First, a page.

In the preferred form, a collimator detector #2 of secondary processor 430 employs a Hough Transform-based process on the sampled CR image data. This process can resolve relatively small differences in intensity and process any angular degree of skew of collimators, such as beyond 7 degrees. Applying the Hough Transform-based process, a linear element in the image plan is mapped to a point in Hough space, as is shown in FIG. 7. Hough space is a polar parameter space with, in FIG. 7, orientation in degrees on a first axis 750 and distance in pixels on a second axis 760. The stronger the line is in the image plan, i.e., in length and contrast, the higher the intensity of a corresponding point in Hough space.
To arrive at FIG. 7, a Hough transform was performed on the edge gradient image that is obtained using the Sobel edge operator, wherein the collimated region edges appear as strong linear elements. Morphological image processing was applied to remove some thin edges and smooth some edge noise without weakening the overall contrast of the collimation edge. To increase the speed of the secondary processing, the original edge gradient image is sub-sampled by secondary processor 430, which effectively suppresses the linear components within the ROI (e.g. long bones or implants) and DE regions (e.g. hardware, such as tubes and wires). Consequently, the relative strengths of the collimated region edges in the Hough space are enhanced, making detection easier.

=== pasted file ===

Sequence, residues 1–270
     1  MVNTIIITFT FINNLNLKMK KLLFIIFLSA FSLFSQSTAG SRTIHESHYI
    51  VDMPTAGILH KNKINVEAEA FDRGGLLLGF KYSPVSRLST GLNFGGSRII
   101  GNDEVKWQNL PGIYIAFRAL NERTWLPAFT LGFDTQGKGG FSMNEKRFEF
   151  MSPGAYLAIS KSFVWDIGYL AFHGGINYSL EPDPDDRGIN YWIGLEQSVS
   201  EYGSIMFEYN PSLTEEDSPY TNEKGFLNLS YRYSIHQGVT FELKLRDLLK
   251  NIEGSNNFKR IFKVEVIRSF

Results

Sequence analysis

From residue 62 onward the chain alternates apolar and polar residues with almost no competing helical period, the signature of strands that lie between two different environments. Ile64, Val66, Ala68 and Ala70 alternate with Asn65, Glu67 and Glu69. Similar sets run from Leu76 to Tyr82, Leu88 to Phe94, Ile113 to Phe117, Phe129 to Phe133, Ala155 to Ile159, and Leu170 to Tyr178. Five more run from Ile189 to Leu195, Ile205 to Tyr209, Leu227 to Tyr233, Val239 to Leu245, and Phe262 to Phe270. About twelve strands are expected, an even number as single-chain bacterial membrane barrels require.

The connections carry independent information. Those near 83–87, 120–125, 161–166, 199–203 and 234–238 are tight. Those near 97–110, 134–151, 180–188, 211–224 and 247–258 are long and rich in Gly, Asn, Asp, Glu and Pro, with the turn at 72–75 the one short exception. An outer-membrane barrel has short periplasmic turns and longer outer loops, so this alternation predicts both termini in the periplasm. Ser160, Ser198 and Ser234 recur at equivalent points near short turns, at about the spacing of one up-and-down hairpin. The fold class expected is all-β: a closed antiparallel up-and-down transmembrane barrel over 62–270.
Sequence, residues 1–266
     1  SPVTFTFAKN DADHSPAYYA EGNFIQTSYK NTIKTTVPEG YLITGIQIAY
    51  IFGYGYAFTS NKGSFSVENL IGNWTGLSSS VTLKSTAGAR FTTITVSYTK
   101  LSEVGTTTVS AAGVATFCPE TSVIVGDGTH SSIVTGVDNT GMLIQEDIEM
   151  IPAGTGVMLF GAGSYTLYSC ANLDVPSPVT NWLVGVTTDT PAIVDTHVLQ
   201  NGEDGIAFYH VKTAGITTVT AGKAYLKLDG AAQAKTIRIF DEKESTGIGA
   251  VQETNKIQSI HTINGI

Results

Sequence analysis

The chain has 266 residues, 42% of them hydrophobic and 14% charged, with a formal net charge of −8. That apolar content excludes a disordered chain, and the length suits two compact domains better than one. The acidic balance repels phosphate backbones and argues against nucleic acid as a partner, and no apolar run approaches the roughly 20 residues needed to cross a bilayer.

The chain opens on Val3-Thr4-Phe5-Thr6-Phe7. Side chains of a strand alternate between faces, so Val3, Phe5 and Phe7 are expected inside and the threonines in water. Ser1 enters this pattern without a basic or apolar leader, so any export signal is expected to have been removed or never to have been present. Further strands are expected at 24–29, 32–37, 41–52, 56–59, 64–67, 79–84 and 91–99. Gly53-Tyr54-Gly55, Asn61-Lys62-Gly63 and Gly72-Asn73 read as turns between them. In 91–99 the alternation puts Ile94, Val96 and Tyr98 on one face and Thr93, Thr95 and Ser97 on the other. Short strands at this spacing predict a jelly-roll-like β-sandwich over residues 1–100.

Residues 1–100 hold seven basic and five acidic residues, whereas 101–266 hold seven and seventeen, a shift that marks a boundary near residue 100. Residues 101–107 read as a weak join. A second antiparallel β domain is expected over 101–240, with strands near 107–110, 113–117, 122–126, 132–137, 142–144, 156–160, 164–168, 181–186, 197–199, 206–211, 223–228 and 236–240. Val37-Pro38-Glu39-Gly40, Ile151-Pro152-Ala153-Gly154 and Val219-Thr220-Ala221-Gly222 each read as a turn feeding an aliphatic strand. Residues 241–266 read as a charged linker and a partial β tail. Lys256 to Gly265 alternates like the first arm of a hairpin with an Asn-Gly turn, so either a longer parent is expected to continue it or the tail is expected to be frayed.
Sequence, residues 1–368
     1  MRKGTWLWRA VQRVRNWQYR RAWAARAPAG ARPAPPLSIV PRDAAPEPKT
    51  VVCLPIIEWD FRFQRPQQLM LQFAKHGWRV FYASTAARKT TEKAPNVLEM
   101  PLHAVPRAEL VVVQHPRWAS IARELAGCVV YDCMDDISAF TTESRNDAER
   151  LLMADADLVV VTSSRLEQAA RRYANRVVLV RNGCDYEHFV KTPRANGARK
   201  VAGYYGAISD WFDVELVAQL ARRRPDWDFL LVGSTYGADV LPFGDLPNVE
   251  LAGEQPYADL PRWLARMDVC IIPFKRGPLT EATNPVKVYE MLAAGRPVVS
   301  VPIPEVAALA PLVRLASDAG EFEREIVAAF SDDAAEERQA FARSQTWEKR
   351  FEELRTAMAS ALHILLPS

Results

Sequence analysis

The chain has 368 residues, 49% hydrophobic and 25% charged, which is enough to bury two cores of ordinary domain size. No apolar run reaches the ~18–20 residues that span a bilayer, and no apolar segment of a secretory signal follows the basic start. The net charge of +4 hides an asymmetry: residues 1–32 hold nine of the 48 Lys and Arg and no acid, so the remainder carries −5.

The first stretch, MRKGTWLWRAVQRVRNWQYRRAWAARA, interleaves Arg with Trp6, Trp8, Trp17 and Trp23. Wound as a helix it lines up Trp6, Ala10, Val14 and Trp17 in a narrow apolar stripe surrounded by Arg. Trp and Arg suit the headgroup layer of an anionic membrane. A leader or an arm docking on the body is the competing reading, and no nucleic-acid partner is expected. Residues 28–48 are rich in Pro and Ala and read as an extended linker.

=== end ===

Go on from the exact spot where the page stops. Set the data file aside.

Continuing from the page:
To find the collimated region edge points, the Hough space in FIG. 7 is searched from left-to-right and from top-to-bottom. The first relatively high intensity point corresponds to the strongest collimated region edge, the next relatively high intensity point corresponds to the next collimated region edge, and so forth until the last relatively high intensity point corresponding to a collimated edge is detected. Since the pixel intensities around the detected edge point in the Hough space may be greater than the pixel intensity of the next edge point. Therefore, to avoid confusion, the pixels neighboring each detected edge point are removed by secondary processor 430. The removal improves the likelihood of locating only the true edge points during a subsequent searching process. The edge strength and the intensity distribution on the left and right side of each detected edge point determine whether a detected edge point corresponds to a collimated region edge. In FIG. 7, points 702, 704, 706 and 708 correspond to collimated region edges.
After detection, collimated region edges are then verified by secondary processor 430, which implements, in the preferred embodiment, the following rules:
1) Image intensity distributions of the collimated and view regions, e.g. the mean intensity of the collimated regions, should be more than 50% of the mean intensity of the viewing region.
2) The total collimated area on the IP should be larger than 3% of the total IP area and total collimated area on the IP should be less than 90% of the total IP area.
3) Collimated regions are always outside the viewing area and no collimated region covers the center of the IP for the single view case.